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Greenberg Traurig boosted London cash revenues by more than 75% last year on the back of a major increase in its City headcount, as top US law firms continue to post impressive financial results for 2017.

The US firm has estimated that its London office took in $35m (£25m) during the year, with lawyer headcount rising 63%, driven in large part by the hire of a six-partner team from King & Wood Mallesons (KWM).

That team included real estate funds duo Steven Cowins and Marc Snell, real estate partner Matthew Priday, corporate finance duo Michael Goldberg and David Fitzgerald and tax partner Clive Jones, who were followed to Greenberg by around 25 other lawyers as KWM’s European arm collapsed into administration.

Greenberg executive chairman Richard Rosenbaum said that firm’s core areas of focus in Europe – which include M&A, real estate, private equity, funds, capital markets, finance, and tax - were paying “tangible dividends”.

“We are pleased with our London performance, where cash revenues improved by more than 75% over 2016 and demand nearly doubled,” he said. “We have seen increased performance across all practice groups and industries and throughout all of our offices, particularly in Europe, where we made the strategic decision to invest in key markets, including London, Warsaw, Berlin and Amsterdam.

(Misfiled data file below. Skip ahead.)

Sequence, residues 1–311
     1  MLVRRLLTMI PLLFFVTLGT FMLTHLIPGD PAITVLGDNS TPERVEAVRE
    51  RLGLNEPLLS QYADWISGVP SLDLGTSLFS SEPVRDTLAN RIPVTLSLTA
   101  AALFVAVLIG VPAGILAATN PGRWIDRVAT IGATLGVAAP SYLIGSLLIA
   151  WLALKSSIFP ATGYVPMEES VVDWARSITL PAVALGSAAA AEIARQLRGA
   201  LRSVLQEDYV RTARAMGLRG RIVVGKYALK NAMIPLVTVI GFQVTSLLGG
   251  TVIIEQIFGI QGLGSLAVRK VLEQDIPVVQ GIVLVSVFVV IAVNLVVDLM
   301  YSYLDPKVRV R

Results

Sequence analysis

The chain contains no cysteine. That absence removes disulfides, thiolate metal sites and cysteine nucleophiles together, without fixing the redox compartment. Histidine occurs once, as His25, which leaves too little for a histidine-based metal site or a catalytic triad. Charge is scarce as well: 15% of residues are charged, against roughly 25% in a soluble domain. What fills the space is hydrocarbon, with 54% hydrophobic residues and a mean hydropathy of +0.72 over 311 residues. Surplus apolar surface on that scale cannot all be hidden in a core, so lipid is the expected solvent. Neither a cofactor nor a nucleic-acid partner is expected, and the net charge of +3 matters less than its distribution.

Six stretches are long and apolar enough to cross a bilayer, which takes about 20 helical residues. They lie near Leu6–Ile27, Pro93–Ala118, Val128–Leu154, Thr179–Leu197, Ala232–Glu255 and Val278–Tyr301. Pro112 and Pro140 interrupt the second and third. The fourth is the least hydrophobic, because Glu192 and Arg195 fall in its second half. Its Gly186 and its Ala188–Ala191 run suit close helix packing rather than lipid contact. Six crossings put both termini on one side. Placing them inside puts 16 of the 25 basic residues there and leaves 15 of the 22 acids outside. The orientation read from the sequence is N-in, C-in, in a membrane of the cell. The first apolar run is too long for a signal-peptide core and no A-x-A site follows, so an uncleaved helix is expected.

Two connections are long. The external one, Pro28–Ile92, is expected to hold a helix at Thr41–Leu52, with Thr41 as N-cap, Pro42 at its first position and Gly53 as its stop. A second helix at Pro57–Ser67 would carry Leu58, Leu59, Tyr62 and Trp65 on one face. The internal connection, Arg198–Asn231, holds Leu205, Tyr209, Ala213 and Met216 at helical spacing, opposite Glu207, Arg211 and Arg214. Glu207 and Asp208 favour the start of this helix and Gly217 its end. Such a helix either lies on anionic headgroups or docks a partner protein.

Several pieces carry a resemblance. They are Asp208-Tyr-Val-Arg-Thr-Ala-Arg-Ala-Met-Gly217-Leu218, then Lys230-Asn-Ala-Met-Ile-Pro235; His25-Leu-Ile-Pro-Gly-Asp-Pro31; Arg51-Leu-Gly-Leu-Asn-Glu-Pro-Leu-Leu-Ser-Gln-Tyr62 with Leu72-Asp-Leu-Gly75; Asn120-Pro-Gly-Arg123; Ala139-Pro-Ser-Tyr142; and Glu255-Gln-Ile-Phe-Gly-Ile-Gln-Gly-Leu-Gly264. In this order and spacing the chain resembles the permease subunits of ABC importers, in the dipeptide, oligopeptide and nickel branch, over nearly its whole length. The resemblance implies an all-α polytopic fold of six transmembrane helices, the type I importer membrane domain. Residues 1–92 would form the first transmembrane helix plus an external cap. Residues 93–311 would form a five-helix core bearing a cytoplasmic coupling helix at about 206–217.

“We continue our path of strategic growth, without resorting to mergers or vereins, and the results speak for themselves.”

The US firm saw global revenue jump 7.2% during 2017 to $1.477bn, while profits per equity partner (PEP) at the Miami-based firm, which celebrated its 50th anniversary last year, also grew 5.6% to reach $1.634m.

CEO Brian Duffy credited a strong, successful year for the firm’s clients as spurring its financial success in 2017. “It was a broad-based and deep, strong year for Greenberg Traurig,” said Duffy, who was elevated to the CEO role in 2015.

He noted that the firm saw increased performances across all practice groups and industries and throughout all of its offices, particularly in Europe.